And so here we are, on the home stretch! But before we can spot the finish line, we’ve yet to dive into a new path Thin Lizzy would take with their sound. So here we go…
Bad Reputation lives up to its title marvellously, with no small help given by the album’s producer, Tony Visconti. In fact, the album’s itself is perhaps overshadowed by its production, or even for people who don’t know this album very well, the fact that Tony was the producer.
Having previously worked with the two kings of glam, David Bowie and Marc Bolan, Tony’s production style translates well from the trashy pop of Bowie/Bolan to the slick, heavy style of Lizzy. And Tony takes advantage of Lizzy’s slickness to almost maddening proportions, amping up the material so that it sounds more alive than any other Lizzy album up to this point.
And the material itself is uniformly fab. The opening and closing tracks, Soldier of Fortune and Dear Lord, are two of Lizzy’s most majestic titles, while other rockers such as the rattling Opium Trail, the quirky acoustic/harmonica flavoured riff-rocker Without a Cause, the minor-key thunderings of That Woman’s Gonna Break Your Heart, and the grinding title track sound positively lethal! The title track specifically easily defines the sound and style of the album, perhaps the slickest rocker ever made.
There’s much less in the way of ballad-like numbers here than on the previous album, only offering South Bound and Downtown Sundown, and they are both pleasantly pretty numbers, given even more welly and not much schmaltz by Tony’s battering ram production techniques. South Bound itself made for a fine addition to the live show, as did Bad Reputation and Opium Trail, while Downtown Sundown is easily the most gorgeous song on here.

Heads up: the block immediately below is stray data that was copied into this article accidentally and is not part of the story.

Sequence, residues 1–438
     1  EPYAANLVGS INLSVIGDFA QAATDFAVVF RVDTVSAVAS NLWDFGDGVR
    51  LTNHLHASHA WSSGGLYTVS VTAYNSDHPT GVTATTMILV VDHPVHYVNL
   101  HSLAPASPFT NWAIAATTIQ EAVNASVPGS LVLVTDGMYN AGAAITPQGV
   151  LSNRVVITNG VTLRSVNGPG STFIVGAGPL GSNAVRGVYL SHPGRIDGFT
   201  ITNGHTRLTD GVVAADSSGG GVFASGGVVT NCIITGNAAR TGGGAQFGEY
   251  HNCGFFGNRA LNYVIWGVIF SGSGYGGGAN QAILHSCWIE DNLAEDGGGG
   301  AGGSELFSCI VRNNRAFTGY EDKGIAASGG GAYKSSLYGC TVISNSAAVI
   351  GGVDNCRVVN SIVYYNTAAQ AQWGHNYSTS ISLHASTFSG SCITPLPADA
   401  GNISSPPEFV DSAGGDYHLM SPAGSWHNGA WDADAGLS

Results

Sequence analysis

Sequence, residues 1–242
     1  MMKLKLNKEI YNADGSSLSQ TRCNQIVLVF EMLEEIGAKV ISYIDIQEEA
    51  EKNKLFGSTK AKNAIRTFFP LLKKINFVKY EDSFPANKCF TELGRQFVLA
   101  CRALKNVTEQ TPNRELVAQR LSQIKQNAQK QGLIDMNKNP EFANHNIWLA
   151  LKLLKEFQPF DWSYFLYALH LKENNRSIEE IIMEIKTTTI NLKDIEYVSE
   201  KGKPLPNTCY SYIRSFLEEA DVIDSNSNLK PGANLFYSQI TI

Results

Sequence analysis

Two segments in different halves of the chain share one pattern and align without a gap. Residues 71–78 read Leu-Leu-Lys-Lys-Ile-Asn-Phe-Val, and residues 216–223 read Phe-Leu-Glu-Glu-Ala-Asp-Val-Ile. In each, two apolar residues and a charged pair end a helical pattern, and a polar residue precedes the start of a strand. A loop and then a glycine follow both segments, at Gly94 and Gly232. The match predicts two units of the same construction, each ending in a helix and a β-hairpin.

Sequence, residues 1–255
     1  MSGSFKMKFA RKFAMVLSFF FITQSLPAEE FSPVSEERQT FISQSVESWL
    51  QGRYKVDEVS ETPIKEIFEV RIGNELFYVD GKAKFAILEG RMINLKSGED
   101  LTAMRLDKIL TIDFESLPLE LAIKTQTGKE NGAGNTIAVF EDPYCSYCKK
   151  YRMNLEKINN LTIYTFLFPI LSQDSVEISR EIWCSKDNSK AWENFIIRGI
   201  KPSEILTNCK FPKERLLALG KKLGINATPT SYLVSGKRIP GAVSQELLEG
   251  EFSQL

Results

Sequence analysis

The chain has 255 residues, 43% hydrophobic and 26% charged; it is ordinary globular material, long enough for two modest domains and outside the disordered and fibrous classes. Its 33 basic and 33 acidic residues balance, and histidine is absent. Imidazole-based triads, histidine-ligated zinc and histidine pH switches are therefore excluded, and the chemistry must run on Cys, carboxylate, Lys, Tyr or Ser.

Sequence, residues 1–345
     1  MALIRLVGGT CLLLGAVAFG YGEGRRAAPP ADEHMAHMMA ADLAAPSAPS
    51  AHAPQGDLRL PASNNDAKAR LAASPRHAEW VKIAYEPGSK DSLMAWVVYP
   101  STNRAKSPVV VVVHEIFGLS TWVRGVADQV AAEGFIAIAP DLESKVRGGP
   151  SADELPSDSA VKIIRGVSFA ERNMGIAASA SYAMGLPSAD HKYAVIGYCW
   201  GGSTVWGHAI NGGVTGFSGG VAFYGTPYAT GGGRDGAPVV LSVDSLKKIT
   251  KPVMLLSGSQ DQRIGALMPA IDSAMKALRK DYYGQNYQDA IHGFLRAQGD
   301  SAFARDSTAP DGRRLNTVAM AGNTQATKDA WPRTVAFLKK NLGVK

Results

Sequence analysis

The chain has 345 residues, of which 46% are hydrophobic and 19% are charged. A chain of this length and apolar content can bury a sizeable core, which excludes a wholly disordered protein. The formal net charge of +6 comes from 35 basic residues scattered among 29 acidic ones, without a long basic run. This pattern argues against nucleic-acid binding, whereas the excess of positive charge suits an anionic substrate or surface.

The remaining number, Dancing in the Moonlight, is the most commercial sounding track on here, and indeed was a hit single on its release. In my Jailbreak interview, I noted how Running Back was an ill-conceived attempt at having a hit single, but here, it works. Like the rest of the songs on here, its slickness offers no bounds, and it’s a fabulously swinging number, complete with Phil’s nostalgic lyrics of being a younger man back home.
And that’s another point for the album. Both jailbreak and Johnny the Fox had some form of story to them, but those stories were never made clear. Here, Phil abandons these ambitions in favour of a collection of unrelated songs, and it works much better than trying to fit in a story within the album. His lyrics range from the feelings of returning from war (Solider of Fortune), the dangers of drugs (Opium Trail), leaving the safety of home for the wide world (South Bound), more innocent times (Dancing in the Moonlight), loosing a loved one to someone else (Downtown Sundown), and of course, an autobiographical song which could apply to the band itself (Bad Reputation).
This album is also the only classic Lizzy album where the band is stripped down to a trio, on most tracks. Robbo only appears on Opium Trail, Killer Without a Cause, and That Woman’s…, his arrogant and aggressive behaviour finally reaching the end of Phil’s tether.
Brian would soon be replaced by one Gary Moore, which would propel the band to new heights and even greater success, but that success would only be short-lived. And when you’re up so high, there’s only one way you can end up going…
Tomorrow, the finale! Black Rose: A Rock Legend.